Family Network on Disabilities

INformation Hub

Disability Awareness

Disability Awareness

Updated, January 2018

Parent Centers receive many calls and emails each year from people looking for materials on disability awareness. People need these materials to help community members, employers, organizations, and residents learn more about disabilities and what it means for people to live with a disability or raise a child with a disability. Having information about disability awareness can be put to many different uses–from classroom instructional units, to Girl Scout information fairs, to school reports, to youth groups. This resource page (what’s below) provides just a sample of selected materials available from different organizations.

Parent Centers also receive many requests for information about inclusion of children with disabilities in all walks of life, and especially in regular classes and the daily activities of our schools. We are pleased to offer you a separate page of resources on the subject of inclusion, to be found at:

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Materials To Raise Awareness of Disability

highly rated graphic with star and blue ribbon, which indicates that this resource has been highly rated by CPIR's review team of staff at Parent Centers from all regions of the country

What do parents experience when they first find out their child has a disability?
Read You Are Not Alone, written by a parent to other parents.

Ever wondered what it’s like to have a disability?
A site for young people, courtesy of the Center for Disability Information & Referral (CeDIR).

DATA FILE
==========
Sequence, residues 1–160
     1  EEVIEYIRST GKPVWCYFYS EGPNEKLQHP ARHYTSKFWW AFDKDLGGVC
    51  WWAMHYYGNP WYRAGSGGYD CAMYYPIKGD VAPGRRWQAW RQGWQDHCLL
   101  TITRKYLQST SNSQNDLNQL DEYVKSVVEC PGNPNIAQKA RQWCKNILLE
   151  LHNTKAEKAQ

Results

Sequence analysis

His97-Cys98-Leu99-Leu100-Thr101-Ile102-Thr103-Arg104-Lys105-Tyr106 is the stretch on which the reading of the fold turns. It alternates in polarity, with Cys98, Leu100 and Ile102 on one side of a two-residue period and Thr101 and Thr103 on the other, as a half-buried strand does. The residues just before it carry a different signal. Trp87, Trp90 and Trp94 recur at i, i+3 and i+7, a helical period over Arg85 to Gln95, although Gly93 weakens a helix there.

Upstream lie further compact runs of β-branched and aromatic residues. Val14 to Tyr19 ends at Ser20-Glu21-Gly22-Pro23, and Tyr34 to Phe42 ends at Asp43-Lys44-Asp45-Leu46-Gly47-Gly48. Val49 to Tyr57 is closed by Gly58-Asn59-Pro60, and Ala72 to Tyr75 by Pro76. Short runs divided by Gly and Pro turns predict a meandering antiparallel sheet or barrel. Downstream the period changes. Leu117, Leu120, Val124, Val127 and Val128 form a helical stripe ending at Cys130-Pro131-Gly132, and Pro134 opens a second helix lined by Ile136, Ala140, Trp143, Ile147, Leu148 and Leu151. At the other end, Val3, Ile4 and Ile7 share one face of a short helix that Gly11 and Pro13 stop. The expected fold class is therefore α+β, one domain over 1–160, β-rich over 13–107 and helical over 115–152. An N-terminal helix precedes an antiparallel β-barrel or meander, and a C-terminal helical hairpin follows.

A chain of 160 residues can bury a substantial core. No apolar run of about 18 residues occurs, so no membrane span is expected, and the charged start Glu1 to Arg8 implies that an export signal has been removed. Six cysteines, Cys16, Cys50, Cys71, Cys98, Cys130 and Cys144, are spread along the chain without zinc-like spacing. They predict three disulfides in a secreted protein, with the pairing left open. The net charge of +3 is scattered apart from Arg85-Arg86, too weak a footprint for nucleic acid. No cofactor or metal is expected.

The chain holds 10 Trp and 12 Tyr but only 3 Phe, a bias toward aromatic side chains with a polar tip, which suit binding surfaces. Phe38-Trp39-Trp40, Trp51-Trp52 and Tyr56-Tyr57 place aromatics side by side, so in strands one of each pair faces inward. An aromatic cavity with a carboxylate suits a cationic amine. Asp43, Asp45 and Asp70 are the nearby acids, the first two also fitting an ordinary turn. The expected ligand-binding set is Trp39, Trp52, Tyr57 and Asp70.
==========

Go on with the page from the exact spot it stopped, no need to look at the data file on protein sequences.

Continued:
Friends Who Care.
FRIENDS WHO CARE® is designed to help children better understand what it means and how it feels to be a young person with a disability. This educational program gives students the opportunity to learn what is involved when someone has a disability and how they adapt to live life, go to school, or work as independently as possible.

Count Me In.
The COUNT ME IN puppet program is designed to help children and adults learn about disabilities and chronic illnesses in an effort to bridge the gap between typical students and those with disabilities.

Disability History Museum.
The Disability History Museum’s Library is a digital archive that only exists online. It contains digital versions of images, texts, and other artifacts related to disability history that have been gathered from libraries and private collections across the country. Materials in the Library date back to the 18th century and represent all disability categories across the life span. The goal is to create a theme-based, searchable collection of primary source materials that will help expand knowledge and understanding about the historical experience of people with disabilities in the United States.

Access and Opportunities: A Guide to Disability Awareness.
The VSA arts’ Disability Awareness Guide is an informational tool for those who want to gain additional knowledge about disability and tips for social etiquette and positive interactions. The guide is a starting point for readers to increase their basic knowledge, initiate discussion, and clarify myths and facts about people with disabilities. It is a tool that will start readers on their way to a better understanding of disability issues and the disability community as a whole.